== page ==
To Serve- To Wait- To Host, perchance a Tip

To Serve- To Wait- To Host, perchance a Tip


hey are the first and main point of contact. They are the faces, the voices, and the information sources that can make our dining-out experience pleasant or unpleasant. We walk in, we sit down, and our job is to scan the menu for the beverage and food options- we place our order. Their job is to take that order and then bring the food when it is ready. But, is that all that they do?  If bringing the food and the drink are the only things that a waiter or waitress does, why do we expect so much more from them? Why is it that they can impact our experience so completely from start to finish, if the food comes from the cook and the drinks from the bartender? The answer is simple. Their job is not so artless. Every Server carries a tray of responsibilities that include some technical and some soft skills. Their demeanor and treatment of us, while we dine, require good temperament, tact, and remaining tenaciously composed no matter what is happening at the table, behind the bar, or in the kitchen. The job of the server is a major part of our hospitality sector and tourism industry. The hospitality component includes a variety of jobs such as room-service, chef/cook, receptionist, bartending, hostess/host etc. In Belize, hospitality accounts for approximately 30% of total visitor spending in the country. Servers are especially special because they are tourism frontline celebrities and diplomats.

Hospitality in tourism combines accommodations with food and beverage. It refers to the generous and friendly reception of guests, visitors, and strangers. Workers in this sector meet, speak with, cook for, entertain, clean up after, serve, and to a certain extent, learn the preferences and habits of people that they have never met before- not an easy thing to do. According to some accounts, the concept of modern restaurants came from France in the 18th century; however, there are accounts of restaurant like establishments in China from around 1100 A. D. Similarly, hotels have grown from being places that people would have to stop at on their journey, to actually being the main destination itself. The first public hotel opened in New York City in 1792. In 2021, the Belize Tourism Board’s (BTB) Statistic Digest showed that we had 543 accommodations for visitors and 878 food and beverage serving activities. The numbers for both are still recovering post pandemic. The people in hospitality affect our stay and experience because to a certain extent they are the experience. They are the smiling face, the cheerful demeanor, the kind voice, the skilled hands, the helpful guide, and the friendly stranger. The standard of hospitality depends on who is hosting when we check in, relax at the pool, and have our meals. If their job is to host, wait on, and serve us, what is the role of the guests in all of this?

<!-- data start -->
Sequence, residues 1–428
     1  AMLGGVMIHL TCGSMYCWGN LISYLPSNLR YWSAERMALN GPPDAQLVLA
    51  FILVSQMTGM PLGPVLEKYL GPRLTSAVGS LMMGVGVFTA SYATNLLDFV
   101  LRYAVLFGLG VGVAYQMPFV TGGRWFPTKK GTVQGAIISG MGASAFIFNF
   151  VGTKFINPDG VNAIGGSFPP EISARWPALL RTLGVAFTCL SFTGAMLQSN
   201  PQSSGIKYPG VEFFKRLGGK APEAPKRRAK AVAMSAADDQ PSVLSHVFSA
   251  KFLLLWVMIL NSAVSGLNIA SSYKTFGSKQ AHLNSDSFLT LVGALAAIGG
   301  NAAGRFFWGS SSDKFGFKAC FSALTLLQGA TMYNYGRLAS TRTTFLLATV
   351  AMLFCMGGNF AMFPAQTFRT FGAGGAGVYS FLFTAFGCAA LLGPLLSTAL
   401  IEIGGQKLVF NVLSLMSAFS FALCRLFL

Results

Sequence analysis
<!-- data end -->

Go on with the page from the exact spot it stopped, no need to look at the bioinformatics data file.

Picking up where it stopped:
The only responsibility that inbound and local visitors have is to relax, rejuvenate, and remember their experiences. As the old saying goes “the customer is always right”, however, the pandemic taught us that the jobs that go overlooked, many times are the ones that are vital within an industry. Here is a tip, without hospitality workers, we might get only half of the tourism experience. A second tip is that the serving food and drinks include so much more skill, energy, and tact than we may realize. For that we highlight the “Tipism” in our tourism. Tip your hat off to these workers and maybe include a tip at the end of your experience- they deserve it.

See you next week.

The Belize Tourism Board